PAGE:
I fear that modern evangelical paradigms have lent themselves over to this foolish thinking, and willingly. That the Bible is in submission to my life, to help me, instead of realizing its the revelation of God himself, so we know how to live, not to live better. The bible does not lend itself to be bent and molded to my life in order to justify my political preference or even my education pursuits. It is so that the Christian, the regenerate man, the one bought by the blood of the spotless lamb, may indeed glorify God and enjoy him forever!

How does this tangent considering “one-text Christians” have to do with apologetics, where we began our conversation? If we do not have a systemized understanding of Christianity that is historic and orthodox then our defense will be anything other than faithful. It is not by polite suggestion that Peter tells us to make a defense for the faith that is within us, it’s an imperative that assumes we know the system. If we treat the bible like a doctrinal buffet in order to comfort our soul, then our defense will be just as confusing to our audience as it is in our own mind. The scriptures are not in contention with itself, it is a holistic story of the triune God making covenant with the sinful creation.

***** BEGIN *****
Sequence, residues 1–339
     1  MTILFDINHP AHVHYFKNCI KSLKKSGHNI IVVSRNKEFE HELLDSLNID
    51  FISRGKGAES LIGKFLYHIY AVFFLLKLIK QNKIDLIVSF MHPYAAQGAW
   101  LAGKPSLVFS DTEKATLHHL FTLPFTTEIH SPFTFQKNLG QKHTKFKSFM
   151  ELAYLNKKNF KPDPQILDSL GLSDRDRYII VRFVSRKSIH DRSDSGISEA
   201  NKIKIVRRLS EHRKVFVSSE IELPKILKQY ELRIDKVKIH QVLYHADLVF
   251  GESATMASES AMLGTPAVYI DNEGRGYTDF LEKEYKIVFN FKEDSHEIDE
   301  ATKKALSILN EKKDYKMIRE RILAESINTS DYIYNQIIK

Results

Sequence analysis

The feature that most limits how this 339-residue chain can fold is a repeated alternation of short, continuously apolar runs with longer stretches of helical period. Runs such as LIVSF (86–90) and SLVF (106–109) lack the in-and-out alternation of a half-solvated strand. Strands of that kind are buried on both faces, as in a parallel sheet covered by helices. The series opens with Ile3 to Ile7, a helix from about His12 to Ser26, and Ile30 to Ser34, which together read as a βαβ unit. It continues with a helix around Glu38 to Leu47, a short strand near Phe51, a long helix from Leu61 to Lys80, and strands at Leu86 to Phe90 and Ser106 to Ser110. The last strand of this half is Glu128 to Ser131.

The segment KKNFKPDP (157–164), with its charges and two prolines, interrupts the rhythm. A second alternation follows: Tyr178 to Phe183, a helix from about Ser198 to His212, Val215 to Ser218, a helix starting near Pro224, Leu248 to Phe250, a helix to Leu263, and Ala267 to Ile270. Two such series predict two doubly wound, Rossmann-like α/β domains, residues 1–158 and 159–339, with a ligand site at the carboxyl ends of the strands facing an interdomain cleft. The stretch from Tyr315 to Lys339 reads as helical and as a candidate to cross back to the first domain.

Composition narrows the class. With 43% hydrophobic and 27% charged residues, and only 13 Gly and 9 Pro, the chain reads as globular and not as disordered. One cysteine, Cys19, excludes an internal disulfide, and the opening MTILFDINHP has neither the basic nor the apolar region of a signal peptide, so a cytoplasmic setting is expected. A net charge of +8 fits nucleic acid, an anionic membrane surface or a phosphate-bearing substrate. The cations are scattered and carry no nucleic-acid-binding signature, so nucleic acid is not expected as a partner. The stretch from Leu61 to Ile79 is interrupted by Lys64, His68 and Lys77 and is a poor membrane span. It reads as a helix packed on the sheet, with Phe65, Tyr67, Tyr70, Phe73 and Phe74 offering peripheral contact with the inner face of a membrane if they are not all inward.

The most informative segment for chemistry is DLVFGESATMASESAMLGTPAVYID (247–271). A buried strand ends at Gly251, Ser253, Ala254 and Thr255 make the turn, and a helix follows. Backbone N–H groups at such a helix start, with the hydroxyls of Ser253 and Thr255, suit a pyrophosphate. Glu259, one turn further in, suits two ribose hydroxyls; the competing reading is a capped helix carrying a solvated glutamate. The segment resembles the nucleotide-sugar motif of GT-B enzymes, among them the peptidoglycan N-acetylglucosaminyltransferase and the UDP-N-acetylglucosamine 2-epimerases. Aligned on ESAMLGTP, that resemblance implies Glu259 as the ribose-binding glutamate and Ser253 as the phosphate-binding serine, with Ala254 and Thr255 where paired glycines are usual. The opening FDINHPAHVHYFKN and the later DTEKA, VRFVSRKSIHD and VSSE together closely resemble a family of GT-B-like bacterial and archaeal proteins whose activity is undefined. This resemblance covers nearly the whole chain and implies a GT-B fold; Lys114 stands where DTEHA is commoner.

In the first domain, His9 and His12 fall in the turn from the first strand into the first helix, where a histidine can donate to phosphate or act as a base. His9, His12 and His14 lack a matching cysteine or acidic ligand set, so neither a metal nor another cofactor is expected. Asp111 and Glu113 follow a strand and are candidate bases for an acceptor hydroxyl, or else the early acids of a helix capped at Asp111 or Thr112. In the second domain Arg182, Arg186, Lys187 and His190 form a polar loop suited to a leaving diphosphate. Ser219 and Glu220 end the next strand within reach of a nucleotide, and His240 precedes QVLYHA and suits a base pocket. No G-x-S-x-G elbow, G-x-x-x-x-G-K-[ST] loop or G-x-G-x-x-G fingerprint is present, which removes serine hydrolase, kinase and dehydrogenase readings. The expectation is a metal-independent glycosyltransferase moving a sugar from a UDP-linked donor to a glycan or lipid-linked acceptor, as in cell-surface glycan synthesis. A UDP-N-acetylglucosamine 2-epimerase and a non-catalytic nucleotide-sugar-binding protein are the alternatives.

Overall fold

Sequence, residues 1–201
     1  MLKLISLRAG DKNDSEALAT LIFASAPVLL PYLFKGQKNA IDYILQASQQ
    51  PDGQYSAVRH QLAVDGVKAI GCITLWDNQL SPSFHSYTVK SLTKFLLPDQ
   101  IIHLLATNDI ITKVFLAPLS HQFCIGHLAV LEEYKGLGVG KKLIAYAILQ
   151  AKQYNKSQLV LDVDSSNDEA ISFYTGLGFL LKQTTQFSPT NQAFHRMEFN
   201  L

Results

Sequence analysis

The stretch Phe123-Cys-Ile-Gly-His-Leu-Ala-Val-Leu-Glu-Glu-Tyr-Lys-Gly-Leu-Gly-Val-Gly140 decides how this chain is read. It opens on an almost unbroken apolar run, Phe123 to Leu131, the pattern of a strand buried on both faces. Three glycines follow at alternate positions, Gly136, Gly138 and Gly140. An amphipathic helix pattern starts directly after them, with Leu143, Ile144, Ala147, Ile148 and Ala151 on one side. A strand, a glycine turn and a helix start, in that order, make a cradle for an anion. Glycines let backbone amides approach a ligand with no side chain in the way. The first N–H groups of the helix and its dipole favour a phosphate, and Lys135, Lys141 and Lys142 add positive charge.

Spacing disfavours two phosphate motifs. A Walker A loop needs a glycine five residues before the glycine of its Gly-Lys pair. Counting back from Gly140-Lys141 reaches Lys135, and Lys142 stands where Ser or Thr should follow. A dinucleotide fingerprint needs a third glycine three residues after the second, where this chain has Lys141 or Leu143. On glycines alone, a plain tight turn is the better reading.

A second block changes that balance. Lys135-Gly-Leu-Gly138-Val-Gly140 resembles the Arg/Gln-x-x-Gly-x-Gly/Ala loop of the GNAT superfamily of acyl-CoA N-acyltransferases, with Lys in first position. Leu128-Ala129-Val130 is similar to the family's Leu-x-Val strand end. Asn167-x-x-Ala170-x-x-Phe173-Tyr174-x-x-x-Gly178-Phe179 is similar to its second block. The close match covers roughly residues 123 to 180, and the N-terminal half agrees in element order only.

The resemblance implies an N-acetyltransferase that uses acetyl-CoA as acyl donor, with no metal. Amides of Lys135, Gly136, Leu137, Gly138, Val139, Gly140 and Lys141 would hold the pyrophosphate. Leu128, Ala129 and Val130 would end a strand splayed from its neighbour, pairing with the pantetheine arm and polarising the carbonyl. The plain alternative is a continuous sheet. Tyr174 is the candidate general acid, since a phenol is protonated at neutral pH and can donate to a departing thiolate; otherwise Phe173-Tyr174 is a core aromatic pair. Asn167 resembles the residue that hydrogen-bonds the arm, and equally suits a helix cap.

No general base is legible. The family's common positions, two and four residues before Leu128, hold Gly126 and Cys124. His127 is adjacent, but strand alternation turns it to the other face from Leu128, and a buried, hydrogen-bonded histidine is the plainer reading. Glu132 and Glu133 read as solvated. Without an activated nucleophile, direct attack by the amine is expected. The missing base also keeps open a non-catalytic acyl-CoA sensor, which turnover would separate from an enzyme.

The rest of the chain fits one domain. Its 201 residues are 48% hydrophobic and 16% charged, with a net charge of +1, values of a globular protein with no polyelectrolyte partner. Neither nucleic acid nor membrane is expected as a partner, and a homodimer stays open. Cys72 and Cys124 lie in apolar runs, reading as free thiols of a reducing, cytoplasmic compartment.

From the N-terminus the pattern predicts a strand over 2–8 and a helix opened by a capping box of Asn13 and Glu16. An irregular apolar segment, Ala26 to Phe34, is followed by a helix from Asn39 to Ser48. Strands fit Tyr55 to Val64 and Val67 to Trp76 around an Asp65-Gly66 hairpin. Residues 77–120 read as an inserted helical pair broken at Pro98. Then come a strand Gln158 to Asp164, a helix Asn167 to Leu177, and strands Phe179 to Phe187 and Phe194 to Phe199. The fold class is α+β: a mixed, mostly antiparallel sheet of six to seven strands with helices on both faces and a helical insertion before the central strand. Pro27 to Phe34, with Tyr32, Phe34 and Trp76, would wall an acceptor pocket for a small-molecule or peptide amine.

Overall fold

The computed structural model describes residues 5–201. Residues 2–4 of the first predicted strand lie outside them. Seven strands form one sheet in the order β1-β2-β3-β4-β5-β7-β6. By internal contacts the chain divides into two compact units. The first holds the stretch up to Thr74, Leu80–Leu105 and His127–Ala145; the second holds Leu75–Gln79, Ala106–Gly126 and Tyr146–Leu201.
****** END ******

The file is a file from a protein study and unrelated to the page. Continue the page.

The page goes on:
Question: What is thy only comfort in life and death?

Answer: That I with body and soul, both in life and death, am not my own, but belong unto my faithful Saviour Jesus Christ; who, with his precious blood, has fully satisfied for all my sins, and delivered me from all the power of the devil; and so preserves me that without the will of my heavenly Father, not a hair can fall from my head; yea, that all things must be subservient to my salvation, and therefore, by his Holy Spirit, He also assures me of eternal life, and makes me sincerely willing and ready, henceforth, to live unto him.